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Abandoned Schools, Copper Heads and Tetanus Shots

Kimberly Madison

During all seven minutes of my spare time, I love to discover and photograph urban decay. Last year, Scott Shepherd described an old abandoned high school in Thomaston, Alabama. He promised the gymnasium alone would be worth the almost two-hour drive. Since pretty much everything that comes out of his mouth is a gross exaggeration, I wasn’t optimistic (this isn’t criticism by the way. I like that he exaggerates, because he tells the BEST stories).

My photography friend (and husband of my bestest), Bradley, heard about an old abandoned institute down the road from Thomaston High School, so we decided two locations warranted a trip. On Saturday, we loaded up and headed out.

Some quick history, the Thomaston Colored Institute was founded in 1910. The private school served as one of the few educational opportunities for African-Americans during that era. Her doors were closed for the final time during the early 1970′s. The building has been neglected and the same year it was add to the National Register of Historic Places, the structure was listed as one of the Places in Peril.

I wish I could share an elaborate, Shepherd-esque story about how we gained entry, but a door was open so we walked right in. Many of the windows were boarded up so the limited sunlight offered very few options for compelling shots. After we finished the interior, I walked around to the back of the old school for a quick recon on potential exterior shots.

I was pleasantly surprised to see one of the plywood boards covering a lower level window had fallen off. The room revealed was flooded with light, but the window was considerably higher than the 5’3″ of perspective my stature provided. Intending to vault myself onto the sill, I stepped back, then surged forward.

On my last, momentum-gathering step, a sharp, piercing pain shot through my foot and up my leg. I’m convinced I died for 3/10ths of a second because the agony was so intense, I saw a burst of stars. Ignoring the Tunnel of Light, I stepped back and found a rusty nail jutting up from the weathered board. For reasons unknown, I decided my next and wisest course of action would be to run really, really fast. I took off and barreled around the building.

‘What’s going on,’ Bradley yelled when his camera lens was enveloped in my cloud of dust.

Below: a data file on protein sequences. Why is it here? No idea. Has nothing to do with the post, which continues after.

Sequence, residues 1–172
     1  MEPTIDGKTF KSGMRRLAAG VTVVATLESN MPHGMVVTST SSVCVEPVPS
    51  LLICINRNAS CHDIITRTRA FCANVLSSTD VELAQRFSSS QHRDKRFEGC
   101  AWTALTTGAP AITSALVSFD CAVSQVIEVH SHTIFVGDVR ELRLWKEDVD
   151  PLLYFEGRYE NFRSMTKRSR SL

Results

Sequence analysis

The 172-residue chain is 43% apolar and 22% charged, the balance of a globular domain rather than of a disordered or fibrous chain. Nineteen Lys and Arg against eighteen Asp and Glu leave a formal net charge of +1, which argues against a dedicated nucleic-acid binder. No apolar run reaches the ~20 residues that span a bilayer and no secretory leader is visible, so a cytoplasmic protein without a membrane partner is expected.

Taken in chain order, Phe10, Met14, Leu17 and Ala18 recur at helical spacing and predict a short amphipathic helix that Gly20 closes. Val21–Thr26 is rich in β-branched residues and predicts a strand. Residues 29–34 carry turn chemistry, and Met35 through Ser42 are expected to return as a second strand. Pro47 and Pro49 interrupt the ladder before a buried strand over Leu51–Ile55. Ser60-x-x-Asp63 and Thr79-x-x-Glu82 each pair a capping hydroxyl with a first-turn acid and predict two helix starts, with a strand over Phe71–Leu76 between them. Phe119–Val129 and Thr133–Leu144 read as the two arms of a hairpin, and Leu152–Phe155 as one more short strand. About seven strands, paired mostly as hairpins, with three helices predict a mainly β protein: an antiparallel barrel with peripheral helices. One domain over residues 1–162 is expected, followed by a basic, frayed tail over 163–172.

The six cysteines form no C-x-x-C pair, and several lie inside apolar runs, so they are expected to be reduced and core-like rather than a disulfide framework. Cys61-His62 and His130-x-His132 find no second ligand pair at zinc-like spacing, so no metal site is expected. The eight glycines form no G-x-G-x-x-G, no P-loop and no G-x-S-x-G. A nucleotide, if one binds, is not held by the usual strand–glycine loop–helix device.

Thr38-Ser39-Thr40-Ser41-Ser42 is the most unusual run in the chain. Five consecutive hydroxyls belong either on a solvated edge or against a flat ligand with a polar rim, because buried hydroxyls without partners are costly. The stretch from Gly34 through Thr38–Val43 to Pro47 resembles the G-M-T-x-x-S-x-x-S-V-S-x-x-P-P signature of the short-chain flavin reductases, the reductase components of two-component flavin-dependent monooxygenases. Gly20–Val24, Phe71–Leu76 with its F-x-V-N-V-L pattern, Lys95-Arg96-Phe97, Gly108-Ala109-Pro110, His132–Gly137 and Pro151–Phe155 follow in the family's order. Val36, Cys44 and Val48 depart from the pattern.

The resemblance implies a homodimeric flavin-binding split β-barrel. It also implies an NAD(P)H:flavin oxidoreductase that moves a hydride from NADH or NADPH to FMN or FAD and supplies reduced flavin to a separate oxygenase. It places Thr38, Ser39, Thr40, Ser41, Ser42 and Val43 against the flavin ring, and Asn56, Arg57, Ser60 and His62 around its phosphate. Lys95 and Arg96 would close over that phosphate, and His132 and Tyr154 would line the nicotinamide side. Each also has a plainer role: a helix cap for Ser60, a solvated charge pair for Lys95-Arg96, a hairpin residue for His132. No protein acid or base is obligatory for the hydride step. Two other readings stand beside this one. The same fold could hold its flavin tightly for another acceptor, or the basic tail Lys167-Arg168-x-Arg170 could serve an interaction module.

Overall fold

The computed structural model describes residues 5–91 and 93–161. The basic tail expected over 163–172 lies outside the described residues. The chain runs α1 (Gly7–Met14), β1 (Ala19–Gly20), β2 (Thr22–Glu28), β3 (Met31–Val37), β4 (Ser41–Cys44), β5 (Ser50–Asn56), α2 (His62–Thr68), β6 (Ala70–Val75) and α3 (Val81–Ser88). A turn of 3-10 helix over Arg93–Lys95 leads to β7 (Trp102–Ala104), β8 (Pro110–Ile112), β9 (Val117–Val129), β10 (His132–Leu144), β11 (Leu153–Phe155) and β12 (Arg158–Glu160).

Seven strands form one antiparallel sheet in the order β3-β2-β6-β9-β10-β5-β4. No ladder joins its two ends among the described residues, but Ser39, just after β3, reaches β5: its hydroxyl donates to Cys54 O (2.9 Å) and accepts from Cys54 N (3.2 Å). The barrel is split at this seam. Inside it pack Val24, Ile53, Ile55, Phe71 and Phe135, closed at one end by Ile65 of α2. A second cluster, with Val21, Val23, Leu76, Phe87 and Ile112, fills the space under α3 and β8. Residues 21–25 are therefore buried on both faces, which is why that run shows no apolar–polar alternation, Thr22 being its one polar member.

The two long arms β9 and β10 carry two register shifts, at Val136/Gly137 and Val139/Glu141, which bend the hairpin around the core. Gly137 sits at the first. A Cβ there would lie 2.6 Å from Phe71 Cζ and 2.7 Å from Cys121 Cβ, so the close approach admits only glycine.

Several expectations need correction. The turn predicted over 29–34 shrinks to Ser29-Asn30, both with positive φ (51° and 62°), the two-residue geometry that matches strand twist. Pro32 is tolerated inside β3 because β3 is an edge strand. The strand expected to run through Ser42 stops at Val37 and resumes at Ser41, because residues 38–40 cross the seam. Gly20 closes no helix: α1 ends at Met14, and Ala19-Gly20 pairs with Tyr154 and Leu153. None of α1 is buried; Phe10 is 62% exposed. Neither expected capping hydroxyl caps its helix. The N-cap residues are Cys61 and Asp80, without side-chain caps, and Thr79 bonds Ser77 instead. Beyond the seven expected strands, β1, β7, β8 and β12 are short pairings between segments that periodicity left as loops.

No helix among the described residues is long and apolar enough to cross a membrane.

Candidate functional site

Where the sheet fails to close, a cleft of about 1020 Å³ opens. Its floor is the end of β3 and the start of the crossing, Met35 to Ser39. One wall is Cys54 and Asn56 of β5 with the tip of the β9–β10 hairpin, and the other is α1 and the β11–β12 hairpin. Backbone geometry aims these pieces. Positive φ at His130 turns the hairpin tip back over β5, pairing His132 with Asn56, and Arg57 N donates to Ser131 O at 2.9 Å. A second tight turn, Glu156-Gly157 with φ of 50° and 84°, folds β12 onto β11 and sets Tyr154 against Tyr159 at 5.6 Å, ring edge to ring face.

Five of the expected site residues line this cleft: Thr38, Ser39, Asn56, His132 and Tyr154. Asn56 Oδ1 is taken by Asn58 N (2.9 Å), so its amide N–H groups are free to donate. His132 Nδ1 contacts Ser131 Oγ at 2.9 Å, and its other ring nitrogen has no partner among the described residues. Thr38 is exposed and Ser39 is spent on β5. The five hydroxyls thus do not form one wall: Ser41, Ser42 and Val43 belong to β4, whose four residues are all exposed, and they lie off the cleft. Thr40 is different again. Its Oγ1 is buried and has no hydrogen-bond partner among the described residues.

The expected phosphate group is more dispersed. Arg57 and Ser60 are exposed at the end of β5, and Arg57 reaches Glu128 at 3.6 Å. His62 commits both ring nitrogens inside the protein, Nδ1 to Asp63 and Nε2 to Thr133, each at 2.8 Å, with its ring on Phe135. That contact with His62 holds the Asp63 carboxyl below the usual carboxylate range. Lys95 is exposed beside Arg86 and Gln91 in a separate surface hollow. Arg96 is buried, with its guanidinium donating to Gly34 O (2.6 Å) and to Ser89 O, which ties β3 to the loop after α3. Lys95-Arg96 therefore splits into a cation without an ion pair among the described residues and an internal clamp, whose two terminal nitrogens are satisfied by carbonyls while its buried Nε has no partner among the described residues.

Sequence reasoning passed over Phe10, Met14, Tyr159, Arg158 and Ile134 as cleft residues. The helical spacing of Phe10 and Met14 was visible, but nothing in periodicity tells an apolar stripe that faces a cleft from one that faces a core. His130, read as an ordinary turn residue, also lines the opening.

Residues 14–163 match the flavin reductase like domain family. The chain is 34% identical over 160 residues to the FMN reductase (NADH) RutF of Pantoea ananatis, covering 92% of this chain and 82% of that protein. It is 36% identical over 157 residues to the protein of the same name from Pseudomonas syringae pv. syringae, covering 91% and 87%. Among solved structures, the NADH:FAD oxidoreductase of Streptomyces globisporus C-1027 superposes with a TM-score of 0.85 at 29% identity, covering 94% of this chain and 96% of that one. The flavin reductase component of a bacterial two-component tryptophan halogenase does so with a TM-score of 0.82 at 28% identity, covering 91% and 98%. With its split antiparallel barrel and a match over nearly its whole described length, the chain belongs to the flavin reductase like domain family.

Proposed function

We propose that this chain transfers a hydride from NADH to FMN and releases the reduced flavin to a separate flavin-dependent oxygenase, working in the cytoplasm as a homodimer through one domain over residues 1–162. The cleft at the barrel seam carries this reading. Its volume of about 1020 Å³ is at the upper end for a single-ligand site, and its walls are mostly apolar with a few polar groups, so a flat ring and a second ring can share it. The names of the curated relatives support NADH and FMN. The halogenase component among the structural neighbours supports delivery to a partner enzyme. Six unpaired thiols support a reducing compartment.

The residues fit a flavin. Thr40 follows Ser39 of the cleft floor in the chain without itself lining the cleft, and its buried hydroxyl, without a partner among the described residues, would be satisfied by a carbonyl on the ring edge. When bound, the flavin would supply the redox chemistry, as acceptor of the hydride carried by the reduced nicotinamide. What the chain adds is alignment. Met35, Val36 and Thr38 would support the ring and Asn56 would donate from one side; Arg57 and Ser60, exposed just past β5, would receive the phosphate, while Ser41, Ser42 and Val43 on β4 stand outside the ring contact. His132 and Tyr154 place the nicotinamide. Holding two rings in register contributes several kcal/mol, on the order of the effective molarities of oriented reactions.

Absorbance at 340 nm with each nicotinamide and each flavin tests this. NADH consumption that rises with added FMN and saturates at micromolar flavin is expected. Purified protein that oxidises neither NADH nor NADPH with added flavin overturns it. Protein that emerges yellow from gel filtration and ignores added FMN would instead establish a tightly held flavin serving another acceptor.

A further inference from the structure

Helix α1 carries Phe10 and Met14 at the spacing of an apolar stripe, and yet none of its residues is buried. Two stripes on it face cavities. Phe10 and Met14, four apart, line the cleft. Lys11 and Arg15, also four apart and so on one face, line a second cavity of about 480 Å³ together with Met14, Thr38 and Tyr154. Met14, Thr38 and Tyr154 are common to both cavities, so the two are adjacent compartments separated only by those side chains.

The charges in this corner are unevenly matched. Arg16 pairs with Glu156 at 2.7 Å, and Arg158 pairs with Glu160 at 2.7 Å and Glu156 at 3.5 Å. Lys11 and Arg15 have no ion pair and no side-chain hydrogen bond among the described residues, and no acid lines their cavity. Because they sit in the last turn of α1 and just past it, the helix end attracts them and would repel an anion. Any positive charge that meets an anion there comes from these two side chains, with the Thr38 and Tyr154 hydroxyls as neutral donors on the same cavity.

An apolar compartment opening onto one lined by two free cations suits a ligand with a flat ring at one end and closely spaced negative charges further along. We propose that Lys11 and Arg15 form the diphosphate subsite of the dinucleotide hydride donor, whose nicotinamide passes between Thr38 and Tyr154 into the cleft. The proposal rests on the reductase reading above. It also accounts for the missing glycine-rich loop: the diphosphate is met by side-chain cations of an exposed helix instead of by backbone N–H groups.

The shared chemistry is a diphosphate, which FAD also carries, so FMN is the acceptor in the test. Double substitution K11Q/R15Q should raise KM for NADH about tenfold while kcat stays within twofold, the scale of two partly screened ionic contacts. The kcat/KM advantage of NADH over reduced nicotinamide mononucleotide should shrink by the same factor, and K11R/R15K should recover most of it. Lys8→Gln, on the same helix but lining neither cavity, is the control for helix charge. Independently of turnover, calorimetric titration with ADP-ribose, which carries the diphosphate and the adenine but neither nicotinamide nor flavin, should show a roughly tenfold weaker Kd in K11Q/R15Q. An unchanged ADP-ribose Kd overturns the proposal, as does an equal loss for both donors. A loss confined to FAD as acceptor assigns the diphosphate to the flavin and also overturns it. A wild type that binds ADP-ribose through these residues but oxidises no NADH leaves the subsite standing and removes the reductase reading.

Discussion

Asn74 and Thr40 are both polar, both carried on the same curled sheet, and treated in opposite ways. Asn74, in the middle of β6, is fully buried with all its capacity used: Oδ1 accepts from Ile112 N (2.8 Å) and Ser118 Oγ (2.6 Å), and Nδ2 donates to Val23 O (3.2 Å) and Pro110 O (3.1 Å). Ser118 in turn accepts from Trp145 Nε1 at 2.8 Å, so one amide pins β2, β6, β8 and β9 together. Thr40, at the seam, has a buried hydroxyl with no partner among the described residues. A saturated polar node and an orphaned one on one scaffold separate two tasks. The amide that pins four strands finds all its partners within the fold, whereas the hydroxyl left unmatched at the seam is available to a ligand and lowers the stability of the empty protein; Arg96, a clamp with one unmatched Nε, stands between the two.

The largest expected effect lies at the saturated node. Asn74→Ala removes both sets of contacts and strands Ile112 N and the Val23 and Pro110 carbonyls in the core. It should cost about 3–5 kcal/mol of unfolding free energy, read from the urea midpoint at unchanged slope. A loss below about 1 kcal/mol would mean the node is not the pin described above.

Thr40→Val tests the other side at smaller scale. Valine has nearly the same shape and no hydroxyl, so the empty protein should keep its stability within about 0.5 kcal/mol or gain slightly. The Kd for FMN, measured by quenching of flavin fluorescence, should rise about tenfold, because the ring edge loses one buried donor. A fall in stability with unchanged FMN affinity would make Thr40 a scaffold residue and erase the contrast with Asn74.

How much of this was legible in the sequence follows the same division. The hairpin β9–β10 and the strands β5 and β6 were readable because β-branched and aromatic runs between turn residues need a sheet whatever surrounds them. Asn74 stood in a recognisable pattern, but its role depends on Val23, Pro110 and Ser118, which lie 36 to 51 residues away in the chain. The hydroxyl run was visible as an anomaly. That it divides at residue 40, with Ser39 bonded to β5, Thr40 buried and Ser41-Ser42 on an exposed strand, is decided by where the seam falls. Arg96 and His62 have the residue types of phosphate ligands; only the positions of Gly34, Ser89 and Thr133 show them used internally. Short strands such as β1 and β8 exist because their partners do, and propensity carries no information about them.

‘Ooh! Ooh! Ooh!’ I was breathing like I was in Lamaze class. ‘Oh my gosh! I’m dying! I think I’m dead! I stepped on a rusty nail! I’ve got Lock Jaw!’ How I managed such profound speed while hobbling is a mystery only the good Lord knows. Later, Bradley confessed he thought I’d been bitten by a Copper Head (he actually used this classification); a determination based solely on the straight-line winds generated as I blurred past, yelling instructions for him to get a Band-Aid out of the First Aid kit.

The next few minutes are sketchy, but I packed up my camera, took a restorative swig of Lipton Green Tea and called Dr. Jeff Parker. I couldn’t bring myself to remove my boot for fear of what carnage would be revealed. It’s worth mentioning that my loving husband suggested I ‘Google it’ when I called to inquire what one does after puncturing a limb with a rusty nail, coated in centuries of bacteria.

After being assured that Heaven was not in my immediate future, I was relieved when Dr. P encouraged me to finish my pictures. He would call in some antibiotics that I should start when I returned home. On Monday, I would stop by for a Tetanus booster.

His words were calming, but later I texted him a picture of my foot (with bonus sock fuzz) and asked if he was still committed to his initial assessment that I would live long enough to review my photographs.

Do not be deceived by the small, practically insignificant wound you see before you when you lean in close to your computer screen. That bad boy was sustained only after the nail had penetrated thick rubber and wool.

Today is Monday and thankfully, my foot is showing no signs of gangrenous activity. I’m still on antibiotics and I re-upped my Tetanus. My foot is sore as the devil, but when I looked over some of my pictures from Saturday, I have to admit: the nail was totally worth it.

The old high school Scott Shepherd told me about:

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